Secluded beaches above Scarborough were a great way to finish the walk on a sunny Sunday, and the town had great food and drink to replenish and refresh (UNESCO site(s) of future after Lake District celebrating award on weekend!?).
Guns N’ Roses Reunion Trip down Memory Lane… Balmy Day
My visit to Abbey Wood campsite, an idyllic green space replete with wild parakeets in the trees, was to see Guns N’ Roses at the Olympic Stadium, London, with Duff and Slash rejoining last year for their current very successful world tour. The gig reminded me of Wembley Stadium in 1991, which was also hot and sunny.
I was just getting to know Guns N’ Roses’s Appetite for Destruction this time 30 years ago, and it provided the main soundtrack to my travels.
I left on August 25th, 1987, and I’ll hopefully complete this site’s backwards chronology working to that date this year in 2017. My first eleven months journey was originally just supposed to be around Europe, but extended to the Middle-East mainly through a desire for more sunshine warmth over the winter; with tourist sites a secondary factor.
It was immortalised in my memoir The Guns N’ Roses Worker-Traveller, published by Chipmunka, realising an ambition I’d had since reading Jack Kerouac’s On The Road: to travel, keep a diary and write a book about it.
That fulfilled my writing ambition, but I’ve continued writing for a decade; fulfilling no more ambitions, for there were none; but creating some new concepts, supporting some good causes and improving my writing.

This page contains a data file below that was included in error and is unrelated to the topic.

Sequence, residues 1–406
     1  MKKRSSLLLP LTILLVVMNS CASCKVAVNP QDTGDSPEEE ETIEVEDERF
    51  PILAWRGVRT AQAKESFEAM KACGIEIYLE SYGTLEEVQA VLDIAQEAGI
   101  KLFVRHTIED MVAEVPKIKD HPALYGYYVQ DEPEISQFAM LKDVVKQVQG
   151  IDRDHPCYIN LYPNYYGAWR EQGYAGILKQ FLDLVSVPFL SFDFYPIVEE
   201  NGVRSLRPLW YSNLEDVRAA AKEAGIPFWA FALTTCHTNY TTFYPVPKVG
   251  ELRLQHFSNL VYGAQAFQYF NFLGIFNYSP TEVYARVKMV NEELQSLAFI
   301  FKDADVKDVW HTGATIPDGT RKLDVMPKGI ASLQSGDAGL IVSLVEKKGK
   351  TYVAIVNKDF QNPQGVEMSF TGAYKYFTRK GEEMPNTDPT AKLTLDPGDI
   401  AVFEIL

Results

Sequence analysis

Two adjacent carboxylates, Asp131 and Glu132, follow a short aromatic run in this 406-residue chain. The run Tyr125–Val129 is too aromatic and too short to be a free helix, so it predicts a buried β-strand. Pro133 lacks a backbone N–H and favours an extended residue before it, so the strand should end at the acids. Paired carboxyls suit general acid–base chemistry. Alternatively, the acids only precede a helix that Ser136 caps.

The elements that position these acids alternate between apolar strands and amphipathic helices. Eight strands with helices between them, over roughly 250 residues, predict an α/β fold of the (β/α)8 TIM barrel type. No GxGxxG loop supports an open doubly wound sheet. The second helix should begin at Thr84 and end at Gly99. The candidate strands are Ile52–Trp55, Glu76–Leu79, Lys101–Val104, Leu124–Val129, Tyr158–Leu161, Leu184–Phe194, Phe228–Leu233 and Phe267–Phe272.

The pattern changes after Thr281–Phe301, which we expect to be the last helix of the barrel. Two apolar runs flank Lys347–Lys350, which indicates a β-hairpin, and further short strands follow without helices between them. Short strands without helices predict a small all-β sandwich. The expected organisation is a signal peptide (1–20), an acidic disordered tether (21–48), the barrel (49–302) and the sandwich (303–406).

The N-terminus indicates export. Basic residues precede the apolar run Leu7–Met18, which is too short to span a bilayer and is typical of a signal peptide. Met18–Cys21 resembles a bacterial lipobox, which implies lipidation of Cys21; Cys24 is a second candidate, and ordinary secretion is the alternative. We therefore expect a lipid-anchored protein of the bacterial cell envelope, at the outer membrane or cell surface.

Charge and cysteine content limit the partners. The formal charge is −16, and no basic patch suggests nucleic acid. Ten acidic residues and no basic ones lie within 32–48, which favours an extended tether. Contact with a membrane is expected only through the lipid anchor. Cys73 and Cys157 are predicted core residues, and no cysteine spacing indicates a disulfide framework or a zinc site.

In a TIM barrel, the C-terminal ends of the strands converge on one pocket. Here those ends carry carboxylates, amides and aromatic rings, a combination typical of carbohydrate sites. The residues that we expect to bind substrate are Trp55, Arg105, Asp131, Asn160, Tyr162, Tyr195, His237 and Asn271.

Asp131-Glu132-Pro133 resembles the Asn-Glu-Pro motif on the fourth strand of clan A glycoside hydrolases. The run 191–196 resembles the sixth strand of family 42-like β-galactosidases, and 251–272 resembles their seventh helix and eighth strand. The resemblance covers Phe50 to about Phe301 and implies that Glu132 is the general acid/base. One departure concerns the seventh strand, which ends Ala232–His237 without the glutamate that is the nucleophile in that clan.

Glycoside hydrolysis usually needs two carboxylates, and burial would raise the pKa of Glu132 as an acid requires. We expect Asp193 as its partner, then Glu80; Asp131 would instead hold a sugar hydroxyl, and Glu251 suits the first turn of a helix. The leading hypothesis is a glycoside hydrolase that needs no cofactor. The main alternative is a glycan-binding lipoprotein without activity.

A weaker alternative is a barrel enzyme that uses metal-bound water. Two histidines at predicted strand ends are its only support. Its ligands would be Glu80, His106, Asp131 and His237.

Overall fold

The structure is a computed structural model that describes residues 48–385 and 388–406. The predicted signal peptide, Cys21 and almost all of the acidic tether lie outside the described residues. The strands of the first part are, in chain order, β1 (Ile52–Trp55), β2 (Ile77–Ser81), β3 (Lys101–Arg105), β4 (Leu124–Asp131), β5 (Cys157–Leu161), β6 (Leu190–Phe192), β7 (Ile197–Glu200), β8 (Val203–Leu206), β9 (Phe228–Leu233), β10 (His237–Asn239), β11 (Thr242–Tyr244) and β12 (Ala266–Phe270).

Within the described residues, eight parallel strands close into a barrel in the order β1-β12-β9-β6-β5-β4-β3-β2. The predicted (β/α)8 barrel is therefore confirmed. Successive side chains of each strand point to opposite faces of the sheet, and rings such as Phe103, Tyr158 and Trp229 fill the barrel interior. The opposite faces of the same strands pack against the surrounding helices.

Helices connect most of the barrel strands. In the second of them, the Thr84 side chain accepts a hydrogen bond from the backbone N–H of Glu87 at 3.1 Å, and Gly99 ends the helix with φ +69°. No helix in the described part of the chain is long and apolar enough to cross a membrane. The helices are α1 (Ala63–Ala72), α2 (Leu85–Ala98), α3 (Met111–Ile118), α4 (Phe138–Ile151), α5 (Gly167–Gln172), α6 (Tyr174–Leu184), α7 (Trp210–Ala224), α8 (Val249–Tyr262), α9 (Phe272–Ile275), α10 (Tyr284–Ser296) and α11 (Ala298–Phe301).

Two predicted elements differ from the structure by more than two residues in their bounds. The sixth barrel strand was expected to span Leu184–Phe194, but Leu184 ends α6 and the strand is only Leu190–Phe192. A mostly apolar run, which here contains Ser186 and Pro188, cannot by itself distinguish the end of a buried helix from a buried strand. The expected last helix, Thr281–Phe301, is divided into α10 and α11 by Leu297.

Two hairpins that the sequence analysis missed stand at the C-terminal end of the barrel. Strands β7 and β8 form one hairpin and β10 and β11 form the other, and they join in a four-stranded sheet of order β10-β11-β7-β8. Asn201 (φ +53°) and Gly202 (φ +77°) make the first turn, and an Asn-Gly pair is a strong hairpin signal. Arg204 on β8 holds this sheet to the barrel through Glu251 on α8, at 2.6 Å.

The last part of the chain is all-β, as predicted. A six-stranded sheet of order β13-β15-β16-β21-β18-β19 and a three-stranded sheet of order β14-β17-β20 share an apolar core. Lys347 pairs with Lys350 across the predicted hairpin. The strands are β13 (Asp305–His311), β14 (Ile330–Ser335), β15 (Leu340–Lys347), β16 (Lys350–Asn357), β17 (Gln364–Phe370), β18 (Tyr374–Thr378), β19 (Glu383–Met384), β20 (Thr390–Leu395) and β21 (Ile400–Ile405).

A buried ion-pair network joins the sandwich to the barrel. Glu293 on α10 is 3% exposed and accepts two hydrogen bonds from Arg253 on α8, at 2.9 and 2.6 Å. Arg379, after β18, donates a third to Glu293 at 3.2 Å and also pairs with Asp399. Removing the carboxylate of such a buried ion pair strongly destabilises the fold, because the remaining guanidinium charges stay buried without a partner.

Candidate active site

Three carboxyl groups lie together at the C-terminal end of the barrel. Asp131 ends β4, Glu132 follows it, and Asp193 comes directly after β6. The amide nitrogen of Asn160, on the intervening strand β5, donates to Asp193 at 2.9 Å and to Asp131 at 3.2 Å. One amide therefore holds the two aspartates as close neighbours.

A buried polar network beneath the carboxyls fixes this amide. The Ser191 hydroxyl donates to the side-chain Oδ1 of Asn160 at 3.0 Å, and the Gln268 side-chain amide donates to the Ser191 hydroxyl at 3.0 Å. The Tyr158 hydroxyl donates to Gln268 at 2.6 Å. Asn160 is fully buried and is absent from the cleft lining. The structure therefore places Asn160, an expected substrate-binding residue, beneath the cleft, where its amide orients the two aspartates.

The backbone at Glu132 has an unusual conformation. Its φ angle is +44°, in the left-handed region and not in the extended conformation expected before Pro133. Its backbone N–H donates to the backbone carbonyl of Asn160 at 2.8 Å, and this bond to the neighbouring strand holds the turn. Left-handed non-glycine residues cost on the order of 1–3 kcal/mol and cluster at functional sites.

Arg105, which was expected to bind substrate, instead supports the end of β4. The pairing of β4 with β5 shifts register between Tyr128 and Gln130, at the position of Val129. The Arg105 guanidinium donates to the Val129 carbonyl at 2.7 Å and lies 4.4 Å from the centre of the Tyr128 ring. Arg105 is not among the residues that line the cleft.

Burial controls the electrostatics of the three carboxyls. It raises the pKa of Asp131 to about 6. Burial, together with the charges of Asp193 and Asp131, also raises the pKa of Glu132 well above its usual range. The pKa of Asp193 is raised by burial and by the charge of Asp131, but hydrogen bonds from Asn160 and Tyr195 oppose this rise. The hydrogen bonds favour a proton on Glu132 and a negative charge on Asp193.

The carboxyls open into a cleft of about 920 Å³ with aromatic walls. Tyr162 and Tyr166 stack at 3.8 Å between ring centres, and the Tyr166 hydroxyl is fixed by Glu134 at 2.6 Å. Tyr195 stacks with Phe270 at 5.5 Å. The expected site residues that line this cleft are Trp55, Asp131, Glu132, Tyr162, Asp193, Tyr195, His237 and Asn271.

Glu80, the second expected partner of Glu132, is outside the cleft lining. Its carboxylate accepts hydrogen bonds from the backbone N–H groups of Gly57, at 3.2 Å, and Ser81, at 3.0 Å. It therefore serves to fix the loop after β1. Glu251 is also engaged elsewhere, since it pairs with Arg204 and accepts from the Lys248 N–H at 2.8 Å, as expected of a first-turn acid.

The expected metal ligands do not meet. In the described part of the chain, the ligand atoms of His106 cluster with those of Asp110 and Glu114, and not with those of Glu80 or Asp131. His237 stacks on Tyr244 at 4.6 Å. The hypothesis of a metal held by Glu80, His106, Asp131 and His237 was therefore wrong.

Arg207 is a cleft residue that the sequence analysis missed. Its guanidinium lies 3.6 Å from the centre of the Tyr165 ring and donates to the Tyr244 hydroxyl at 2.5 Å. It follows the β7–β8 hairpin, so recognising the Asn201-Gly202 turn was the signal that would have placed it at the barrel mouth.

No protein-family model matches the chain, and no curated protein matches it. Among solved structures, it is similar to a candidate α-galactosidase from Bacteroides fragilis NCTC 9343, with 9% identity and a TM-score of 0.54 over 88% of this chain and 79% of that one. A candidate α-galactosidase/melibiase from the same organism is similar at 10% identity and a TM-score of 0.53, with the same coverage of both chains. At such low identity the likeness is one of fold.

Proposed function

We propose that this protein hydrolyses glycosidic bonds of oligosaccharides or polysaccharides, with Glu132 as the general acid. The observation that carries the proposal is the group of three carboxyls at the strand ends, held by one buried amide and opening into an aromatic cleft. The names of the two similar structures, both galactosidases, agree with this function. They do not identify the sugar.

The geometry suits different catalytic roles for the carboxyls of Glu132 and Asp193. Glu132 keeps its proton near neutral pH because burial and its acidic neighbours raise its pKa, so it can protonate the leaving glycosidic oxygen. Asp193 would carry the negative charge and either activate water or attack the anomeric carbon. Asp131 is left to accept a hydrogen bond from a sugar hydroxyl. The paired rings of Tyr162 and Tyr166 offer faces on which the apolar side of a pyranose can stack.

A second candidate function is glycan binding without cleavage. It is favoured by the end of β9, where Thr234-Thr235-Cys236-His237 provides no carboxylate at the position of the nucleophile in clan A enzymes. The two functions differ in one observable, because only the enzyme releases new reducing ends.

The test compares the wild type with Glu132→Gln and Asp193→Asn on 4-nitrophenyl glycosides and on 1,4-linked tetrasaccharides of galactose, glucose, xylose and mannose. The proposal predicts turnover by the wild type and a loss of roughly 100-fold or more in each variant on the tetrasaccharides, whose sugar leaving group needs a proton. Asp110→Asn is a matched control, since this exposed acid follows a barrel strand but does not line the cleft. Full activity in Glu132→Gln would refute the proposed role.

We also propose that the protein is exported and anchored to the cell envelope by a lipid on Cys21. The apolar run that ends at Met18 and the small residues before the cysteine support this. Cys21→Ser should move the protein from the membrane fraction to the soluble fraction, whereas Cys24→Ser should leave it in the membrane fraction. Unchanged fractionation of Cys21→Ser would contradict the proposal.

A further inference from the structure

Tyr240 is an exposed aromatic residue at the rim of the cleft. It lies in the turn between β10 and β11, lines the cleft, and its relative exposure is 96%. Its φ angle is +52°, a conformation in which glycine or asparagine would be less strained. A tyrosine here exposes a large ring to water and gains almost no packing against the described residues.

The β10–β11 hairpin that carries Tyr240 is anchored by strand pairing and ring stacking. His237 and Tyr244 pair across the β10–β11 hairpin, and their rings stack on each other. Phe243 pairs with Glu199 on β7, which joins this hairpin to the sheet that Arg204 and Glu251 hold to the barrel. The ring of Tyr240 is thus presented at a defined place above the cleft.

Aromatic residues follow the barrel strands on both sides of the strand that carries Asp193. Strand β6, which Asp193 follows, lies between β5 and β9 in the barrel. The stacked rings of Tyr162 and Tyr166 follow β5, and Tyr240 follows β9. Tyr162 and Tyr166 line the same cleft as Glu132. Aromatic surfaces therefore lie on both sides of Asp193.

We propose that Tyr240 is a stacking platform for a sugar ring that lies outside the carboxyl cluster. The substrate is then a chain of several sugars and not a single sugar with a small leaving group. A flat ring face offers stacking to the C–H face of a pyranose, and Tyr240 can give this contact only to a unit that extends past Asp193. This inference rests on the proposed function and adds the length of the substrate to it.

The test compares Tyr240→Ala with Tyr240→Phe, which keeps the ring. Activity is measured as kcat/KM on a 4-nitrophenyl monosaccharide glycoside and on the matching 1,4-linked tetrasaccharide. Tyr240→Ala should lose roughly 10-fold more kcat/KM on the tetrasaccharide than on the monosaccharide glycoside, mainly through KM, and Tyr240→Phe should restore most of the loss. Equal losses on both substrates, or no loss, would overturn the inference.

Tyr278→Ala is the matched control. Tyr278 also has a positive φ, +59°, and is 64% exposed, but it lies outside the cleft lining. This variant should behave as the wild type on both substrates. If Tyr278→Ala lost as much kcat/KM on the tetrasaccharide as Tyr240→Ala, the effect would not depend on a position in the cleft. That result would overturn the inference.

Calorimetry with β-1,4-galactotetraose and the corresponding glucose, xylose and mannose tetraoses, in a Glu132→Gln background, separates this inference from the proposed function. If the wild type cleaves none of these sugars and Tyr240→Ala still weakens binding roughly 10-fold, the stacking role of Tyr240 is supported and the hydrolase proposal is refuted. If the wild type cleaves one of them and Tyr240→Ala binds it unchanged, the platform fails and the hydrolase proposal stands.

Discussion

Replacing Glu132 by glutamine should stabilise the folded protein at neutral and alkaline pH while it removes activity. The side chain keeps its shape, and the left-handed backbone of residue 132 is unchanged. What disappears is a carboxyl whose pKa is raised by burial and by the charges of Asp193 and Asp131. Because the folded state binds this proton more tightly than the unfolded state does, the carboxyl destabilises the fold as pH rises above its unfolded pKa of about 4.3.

My name is Marc Latham, and I’m still alive. My story is true, and I’ll prove what I can to you…
Gokyo village (4750 metres, 15,583 ft) is basically a few guest houses on the banks of the third Gokyo lake. It was the end destination of the trek, about 100 miles from its start point in Jiri. Towering above the lake is Gokyo Ri (5,357 metres, 17,575 ft), which provides excellent views of Everest.
Trekking into Gokyo
My camera batteries were low, so I only took one photo after reaching Gokyo, so I could take some on Gokyo Ri the next day. That photo of a Tibetan Snowcock follows my description of arriving at Gokyo’s third lake, and the end of the sun for the day:
The third lake was not far away, and it was a delight to see it on the track’s left at about 1pm. I washed my face in the water, and threw a stone in to celebrate. Gokyo Ri towered above the lake to the north. The village was straight ahead, on the eastern edge of the lake.
Some mist started coming off the lake at about 3.30pm, and more cloud drifted down from the north. The sun started setting above Phari Lapche and Chadoten mountains just after 4pm, and disappeared behind thick cloud over the mountains at about 4.30.